Discounts. Prices on livestreams can be more than 50% discounted. This is significant, because the audience for these streams is primarily composed of people from more price conscious cities and regions, rather than big spenders from Beijing, Shanghai, or Shenzhen.
Live e-commerce and the Chinese government
Live e-commerce has gotten so big that the Chinese government is taking note—and using it themselves. It is pushing live e-commerce as a way to jumpstart the rural economy after the pandemic, by, for instance, having local governments host events on state-sponsored TV channels to fill local coffers.
- Local government officials will host streams to sell their region’s products.
- Private training agencies go to villages and teach the farmers how to stream.
- There has even been some state-driven promotion, for example during the pandemic TaoBao organized a 14-hour live e-commerce stream to support businesses based in Hubei, the province around Wuhan, which had been hard hit.
What does this mean for Western e-commerce?
While live e-commerce has its roots in American stalwarts like infomercials, The Shopping Network, and QVC, the trend hasn’t taken hold as much in the US. We hypothesize for a few reasons:
- Lack of easy payments infrastructure. US consumers, for instance, are far less likely to have their credit card added to Instagram or Facebook, whereas in China, Alipay and WeChat pay are ubiquitous.
- Due to decades of consumer protection in the US, there isn’t as much of a trust issue when it comes to buying something new.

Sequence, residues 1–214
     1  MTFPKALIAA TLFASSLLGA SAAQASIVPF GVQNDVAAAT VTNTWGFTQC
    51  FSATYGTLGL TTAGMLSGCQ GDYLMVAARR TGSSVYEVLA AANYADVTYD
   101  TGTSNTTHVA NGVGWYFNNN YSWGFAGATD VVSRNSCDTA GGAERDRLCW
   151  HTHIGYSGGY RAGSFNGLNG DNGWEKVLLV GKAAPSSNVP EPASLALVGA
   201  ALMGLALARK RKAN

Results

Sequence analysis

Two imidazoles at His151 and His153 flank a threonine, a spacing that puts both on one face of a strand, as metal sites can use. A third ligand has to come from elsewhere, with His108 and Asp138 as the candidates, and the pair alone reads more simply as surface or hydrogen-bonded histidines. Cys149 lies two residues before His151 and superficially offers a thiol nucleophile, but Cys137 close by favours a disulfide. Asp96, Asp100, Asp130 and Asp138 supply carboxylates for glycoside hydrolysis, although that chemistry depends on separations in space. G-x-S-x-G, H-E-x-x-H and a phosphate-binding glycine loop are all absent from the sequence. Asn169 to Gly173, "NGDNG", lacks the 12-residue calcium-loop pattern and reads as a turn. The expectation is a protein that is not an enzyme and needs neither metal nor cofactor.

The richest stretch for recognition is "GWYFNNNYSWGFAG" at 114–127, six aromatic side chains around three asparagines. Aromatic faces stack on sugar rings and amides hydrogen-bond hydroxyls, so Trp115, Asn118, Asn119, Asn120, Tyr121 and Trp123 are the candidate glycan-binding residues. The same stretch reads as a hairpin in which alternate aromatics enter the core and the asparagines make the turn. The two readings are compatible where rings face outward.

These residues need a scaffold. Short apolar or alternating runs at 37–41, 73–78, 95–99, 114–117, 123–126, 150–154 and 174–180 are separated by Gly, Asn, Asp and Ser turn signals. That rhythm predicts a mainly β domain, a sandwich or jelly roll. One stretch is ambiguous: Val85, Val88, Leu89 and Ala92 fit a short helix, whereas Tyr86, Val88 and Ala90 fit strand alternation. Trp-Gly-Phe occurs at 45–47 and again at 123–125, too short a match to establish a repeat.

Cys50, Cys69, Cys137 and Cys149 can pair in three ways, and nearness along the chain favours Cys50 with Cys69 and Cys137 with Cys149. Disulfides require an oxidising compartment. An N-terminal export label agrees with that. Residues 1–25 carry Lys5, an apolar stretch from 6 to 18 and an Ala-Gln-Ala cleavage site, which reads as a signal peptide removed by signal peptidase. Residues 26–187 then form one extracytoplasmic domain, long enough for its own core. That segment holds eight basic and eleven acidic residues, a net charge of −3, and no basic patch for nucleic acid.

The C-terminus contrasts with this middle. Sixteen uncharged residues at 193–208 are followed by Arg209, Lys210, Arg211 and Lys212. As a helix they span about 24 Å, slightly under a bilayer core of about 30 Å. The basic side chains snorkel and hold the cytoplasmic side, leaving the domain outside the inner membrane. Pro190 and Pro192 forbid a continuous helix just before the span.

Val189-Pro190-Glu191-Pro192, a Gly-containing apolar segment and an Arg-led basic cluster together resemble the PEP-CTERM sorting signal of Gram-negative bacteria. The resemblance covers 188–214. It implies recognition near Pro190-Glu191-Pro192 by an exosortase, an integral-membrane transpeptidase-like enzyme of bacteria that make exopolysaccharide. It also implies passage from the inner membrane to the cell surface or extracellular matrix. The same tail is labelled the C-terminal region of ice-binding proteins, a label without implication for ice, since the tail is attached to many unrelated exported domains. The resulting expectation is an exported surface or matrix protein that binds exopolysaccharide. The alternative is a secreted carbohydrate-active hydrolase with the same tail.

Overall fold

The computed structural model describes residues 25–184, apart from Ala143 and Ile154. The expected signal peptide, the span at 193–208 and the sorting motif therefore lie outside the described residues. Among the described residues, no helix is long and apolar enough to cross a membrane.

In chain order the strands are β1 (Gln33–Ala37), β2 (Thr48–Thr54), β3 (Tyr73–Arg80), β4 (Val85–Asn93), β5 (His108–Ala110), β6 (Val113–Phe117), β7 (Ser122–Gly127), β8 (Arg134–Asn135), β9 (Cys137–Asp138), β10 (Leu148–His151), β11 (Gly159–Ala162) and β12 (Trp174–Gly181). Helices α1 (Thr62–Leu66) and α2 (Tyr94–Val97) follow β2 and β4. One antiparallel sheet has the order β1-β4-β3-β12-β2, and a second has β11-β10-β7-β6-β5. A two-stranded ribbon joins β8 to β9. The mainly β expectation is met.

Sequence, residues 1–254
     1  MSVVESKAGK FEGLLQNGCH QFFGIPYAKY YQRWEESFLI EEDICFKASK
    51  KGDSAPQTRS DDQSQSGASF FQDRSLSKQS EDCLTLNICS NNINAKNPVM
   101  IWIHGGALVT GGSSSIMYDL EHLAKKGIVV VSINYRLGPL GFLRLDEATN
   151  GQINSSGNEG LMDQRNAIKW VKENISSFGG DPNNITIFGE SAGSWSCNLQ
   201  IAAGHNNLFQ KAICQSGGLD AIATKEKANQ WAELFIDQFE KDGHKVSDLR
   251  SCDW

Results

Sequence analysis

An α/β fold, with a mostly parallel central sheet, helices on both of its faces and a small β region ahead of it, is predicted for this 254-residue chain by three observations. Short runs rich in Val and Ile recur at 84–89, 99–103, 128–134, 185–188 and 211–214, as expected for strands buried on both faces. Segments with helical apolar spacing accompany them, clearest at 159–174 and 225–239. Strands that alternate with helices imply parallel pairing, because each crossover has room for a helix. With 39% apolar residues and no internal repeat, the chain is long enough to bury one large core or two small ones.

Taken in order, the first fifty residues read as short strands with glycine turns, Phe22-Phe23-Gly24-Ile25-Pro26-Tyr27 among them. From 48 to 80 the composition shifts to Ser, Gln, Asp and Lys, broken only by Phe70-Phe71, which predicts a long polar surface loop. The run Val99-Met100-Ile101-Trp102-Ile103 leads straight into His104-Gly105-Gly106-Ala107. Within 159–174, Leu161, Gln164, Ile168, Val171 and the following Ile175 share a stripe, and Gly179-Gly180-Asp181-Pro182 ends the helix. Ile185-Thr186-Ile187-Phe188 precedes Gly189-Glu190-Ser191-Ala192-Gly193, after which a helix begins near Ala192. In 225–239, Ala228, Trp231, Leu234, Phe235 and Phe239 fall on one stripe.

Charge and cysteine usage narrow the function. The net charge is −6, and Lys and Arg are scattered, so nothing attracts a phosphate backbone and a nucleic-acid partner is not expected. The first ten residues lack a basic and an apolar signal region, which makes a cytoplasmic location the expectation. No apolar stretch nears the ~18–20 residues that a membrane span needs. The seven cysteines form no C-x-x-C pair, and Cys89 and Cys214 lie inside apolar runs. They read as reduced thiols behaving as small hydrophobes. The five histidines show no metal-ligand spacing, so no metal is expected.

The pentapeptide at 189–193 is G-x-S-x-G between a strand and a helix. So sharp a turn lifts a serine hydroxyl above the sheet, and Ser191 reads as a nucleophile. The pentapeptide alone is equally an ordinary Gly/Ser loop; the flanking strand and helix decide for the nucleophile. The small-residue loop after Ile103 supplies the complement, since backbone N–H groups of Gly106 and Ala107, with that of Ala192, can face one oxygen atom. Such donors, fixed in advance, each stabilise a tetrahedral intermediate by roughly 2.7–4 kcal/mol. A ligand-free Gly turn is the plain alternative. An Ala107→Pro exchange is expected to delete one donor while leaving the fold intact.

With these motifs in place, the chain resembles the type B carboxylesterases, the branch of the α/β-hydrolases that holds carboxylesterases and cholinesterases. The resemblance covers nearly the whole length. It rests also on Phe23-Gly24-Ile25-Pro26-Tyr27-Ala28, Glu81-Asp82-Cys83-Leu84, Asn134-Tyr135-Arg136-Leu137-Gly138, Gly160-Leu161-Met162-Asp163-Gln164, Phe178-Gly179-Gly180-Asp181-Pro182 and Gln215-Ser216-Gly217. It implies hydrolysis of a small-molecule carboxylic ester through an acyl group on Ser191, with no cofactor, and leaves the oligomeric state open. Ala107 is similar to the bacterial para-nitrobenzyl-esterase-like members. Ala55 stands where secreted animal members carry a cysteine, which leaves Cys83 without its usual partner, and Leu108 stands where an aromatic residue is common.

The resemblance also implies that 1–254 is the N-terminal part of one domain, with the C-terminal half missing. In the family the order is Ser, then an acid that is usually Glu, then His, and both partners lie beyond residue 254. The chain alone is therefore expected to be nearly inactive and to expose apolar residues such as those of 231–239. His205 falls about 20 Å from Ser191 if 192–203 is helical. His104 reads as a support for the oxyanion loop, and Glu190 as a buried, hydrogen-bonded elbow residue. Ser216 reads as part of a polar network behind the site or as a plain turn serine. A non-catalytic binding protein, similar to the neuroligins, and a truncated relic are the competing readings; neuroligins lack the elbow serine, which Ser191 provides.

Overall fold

Even still, American e-commerce and media platforms are all dipping their toes in the livestream strategy:
- Amazon is moving in this direction, but there’s very little coverage of what they’re doing so far. Twitch, which is owned by Amazon, is probably the most similar in terms of UX/UI to the Chinese live e-commerce platforms, and is probably the place where they will start.
- A lot of personal shoppers are doing some version of this on Instagram Live, for example: DesignerHaul
There are also independent startups popping up in this space:
- TalkShop.Live is a livestreaming platform specifically dedicated to e-commerce.
- A startup called PopShop Live just raised a $3 million seed round from Floodgate to compete in the space.
The bottom line
The previous generation’s version of the e-commerce livestream, QVC, is a massive business in the U.S. In 2019, they generated $10.8 billion in revenue, and though their audience numbers are hard to come by—viewership is up at least 10% since the pandemic began.
QVC’s market is livestreaming’s opportunity, and despite the differences between the US and China e-commerce industry, we believe it’s only a matter of time before livestreamed e-commerce becomes a huge phenomenon here as well.